Linguistic Features in Synchronous Internet Communication

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LINGUISTIC FEATURES IN SYNCHRONOUS INTERNET COMMUNICATION

Ho Hiu To, Hugo

Li Yin Yung Charmaine

Au Yeung Kam Mui, Mable

Chan Tze Ying, Karen

Lau So Fong, Sophie

Submitted to: Dr. Judy Ho

ENG 202

March 15, 2010

STUDENT NO: 1191557, 1104944

MAJOR: BACEE

YEAR: 2

ABSTRACT

Instant Messaging (IM) is becoming an increasingly popular channel of synchronous internet communication especially among teenagers (Huang, 2008; Berglund, 2009; Crystal, 2006, p.248). The manifestations of IM clients such as ICQ, MSN, Facebook chat, has given rise to a unique structure of language communication in the internet community -Computer-mediated communication (CMC) (Crystal, 2006). It is of interest to see how participants of these electronic chat conversations can understand each other, considering that they are so unintelligible and different from face-to-face communication (Holmer, 2008). This paper examines the distinctive linguistic features in CMC texts that are extracted from Windows Live Messenger (WLM). Based on an approximately 800-word corpus of instant messages, collected from an undergraduate student whose first language is Cantonese and second language is English, this study investigates three most prevalent linguistic features in synchronous CMC and justifies their existence in accordance to the Hong Kong context.

TABLE OF CONTENTS

Page.No

INTRODUCTION

DATA COLLECTION

RESULTS & ANALYSIS

SHORTENINGS

3.11 Phonological Shortenings

3.12 Lexical Shortenings

3.13 Syntactic Shortenings

TRANSLITERATIONS

3.21 Romanized Cantonese Sentence Particles

3.22 Romanized Cantonese Expressions

3.3 EMOTICONS

4 CONCLUSIONS

5 REFERENCES

_1. INTRODUCTION_

Prior to the 96s, language communication was a laborious and deliberate process, considering one's options to communicate long distances were limited to telephones, letters and emails. With the introduction of online bulletins and discussion boards in the mid nineties, many computer technology corporations then recognized the importance of online discussion. Hence, Microsoft, created an instant messenger client named Windows Live messenger (WLM). This client enables synchronous internet chat to take place in real time between two or more users. Each WLM user has his or her personal contact list that stores all the chat partners that he or she has authorized akin to other instant messaging software (Lee, 2002, p.4; Danet & C. Herring, 2007) _(See Figure 1.0)_. Followed by the rapid popularization of internet use in the 21st century, computer-mediated communication (CMC) is formed (Lee, 2002, p.2; Yang, 2007). This paper examines three distinctive features that occur in a typical WLM conversation in Hong Kong. By examining each linguistic feature, this paper justifies how and why they are used in relation to CMC in synchronous net communication.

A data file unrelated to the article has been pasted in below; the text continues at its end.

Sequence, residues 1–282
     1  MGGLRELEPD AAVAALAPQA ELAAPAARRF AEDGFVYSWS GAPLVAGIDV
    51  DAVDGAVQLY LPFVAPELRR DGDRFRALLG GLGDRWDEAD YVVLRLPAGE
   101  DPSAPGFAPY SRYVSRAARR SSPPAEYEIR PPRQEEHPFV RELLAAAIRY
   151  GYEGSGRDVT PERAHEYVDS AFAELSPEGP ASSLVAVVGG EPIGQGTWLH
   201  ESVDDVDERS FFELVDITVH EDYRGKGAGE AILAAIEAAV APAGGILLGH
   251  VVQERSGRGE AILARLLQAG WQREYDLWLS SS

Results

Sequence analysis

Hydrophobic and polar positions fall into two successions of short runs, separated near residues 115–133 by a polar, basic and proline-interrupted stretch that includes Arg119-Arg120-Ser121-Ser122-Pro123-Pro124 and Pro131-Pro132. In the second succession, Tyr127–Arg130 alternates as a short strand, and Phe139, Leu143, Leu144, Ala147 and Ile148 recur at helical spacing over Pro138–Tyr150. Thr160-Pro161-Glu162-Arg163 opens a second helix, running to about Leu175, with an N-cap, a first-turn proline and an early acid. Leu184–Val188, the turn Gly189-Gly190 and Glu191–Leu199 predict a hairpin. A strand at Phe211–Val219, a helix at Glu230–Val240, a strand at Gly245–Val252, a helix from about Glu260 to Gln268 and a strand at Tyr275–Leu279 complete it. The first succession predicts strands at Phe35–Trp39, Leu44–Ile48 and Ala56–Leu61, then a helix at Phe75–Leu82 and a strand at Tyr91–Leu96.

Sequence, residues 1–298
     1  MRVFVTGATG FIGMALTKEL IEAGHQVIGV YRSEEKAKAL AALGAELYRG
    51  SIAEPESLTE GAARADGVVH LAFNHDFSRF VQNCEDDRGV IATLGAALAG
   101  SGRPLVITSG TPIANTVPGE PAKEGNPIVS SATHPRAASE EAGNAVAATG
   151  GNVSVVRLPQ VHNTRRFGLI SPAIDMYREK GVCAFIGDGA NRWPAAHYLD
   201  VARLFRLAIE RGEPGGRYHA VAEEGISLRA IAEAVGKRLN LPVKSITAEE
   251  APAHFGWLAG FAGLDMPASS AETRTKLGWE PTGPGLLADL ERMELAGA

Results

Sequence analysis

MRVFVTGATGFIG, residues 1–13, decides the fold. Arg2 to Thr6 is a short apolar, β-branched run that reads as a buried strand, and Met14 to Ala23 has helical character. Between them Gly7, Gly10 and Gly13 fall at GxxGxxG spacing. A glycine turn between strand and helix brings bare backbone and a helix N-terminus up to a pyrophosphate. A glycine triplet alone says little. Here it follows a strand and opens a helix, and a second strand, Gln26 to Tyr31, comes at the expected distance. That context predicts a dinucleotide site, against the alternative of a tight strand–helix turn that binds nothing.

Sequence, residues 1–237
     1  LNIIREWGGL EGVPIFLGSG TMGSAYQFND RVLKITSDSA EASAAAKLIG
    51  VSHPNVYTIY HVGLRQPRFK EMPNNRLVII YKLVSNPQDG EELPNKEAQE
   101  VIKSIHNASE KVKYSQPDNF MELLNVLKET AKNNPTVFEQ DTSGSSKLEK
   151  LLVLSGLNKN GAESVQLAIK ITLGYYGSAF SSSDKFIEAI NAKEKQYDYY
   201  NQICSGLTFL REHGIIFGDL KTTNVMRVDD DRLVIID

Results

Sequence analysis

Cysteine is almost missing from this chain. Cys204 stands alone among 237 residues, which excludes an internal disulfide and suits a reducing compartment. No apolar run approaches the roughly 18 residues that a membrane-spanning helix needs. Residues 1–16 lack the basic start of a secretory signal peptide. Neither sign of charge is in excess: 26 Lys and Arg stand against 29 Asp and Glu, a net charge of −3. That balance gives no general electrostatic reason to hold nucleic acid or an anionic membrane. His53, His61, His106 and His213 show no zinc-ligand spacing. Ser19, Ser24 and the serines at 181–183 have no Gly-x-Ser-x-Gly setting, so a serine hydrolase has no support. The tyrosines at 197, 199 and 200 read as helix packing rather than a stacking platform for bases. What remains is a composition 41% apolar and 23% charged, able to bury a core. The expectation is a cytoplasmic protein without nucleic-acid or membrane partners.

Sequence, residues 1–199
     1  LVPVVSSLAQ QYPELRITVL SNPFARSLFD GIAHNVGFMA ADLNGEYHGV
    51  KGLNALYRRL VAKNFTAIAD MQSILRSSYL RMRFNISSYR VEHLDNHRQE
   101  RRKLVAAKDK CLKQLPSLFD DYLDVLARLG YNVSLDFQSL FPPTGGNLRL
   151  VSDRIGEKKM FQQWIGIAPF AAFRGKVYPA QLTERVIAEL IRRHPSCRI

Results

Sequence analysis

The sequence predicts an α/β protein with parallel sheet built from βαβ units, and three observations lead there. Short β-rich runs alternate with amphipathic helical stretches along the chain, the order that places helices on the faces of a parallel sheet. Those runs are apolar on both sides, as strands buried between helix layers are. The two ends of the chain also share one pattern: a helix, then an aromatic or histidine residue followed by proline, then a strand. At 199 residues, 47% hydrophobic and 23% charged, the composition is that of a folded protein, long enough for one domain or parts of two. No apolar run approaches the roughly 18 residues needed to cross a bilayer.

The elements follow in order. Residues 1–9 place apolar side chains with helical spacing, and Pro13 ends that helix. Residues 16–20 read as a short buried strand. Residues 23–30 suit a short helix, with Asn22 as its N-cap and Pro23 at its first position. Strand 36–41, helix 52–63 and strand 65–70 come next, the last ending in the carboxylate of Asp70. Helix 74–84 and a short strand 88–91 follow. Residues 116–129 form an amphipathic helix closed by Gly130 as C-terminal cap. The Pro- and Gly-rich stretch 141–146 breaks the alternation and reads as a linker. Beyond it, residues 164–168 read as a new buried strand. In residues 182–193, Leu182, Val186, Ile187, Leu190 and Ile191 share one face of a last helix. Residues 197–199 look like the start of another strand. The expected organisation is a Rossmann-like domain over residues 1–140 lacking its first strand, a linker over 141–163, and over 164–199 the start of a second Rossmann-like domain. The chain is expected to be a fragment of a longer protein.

_(Figure 1.0 showing a WLM contact list)_

_2. DATA COLLECTION_

In the course of collecting the appropriate data to analyze the linguistic features in WLM texts, the following criteria must be satisfied:

The messages should only involve two participants - the speaker and the hearer

Each message should be written only either in Cantonese, English or both

The speaker and hearer of the messages should be Hong Kong Native Chinese

Prior permission from the hearer must be endorsed before this investigation could be conducted

Below is an excerpt of a WLM conversation that took place between two Hong Kong Cantonese undergraduate students. The messages are subsequently processed into MS Word and the lines are numbered _(See Table 1.1)._

LINE NO.

SPEAKER

CONTENT

A

YOU CAN HI ME ACTUALLYXD

B

great pic

A

HAHA THTS NOT ME

A

THE PIC OR THE SONG?XD

B

seems like smoking..

B

ur profile

A

YEA THT GUY IS SMOKING

B

guy or gal?

A

THTS NOT MEXD I JUST STOLE THT PIC ONLINE

A

GUY

A...
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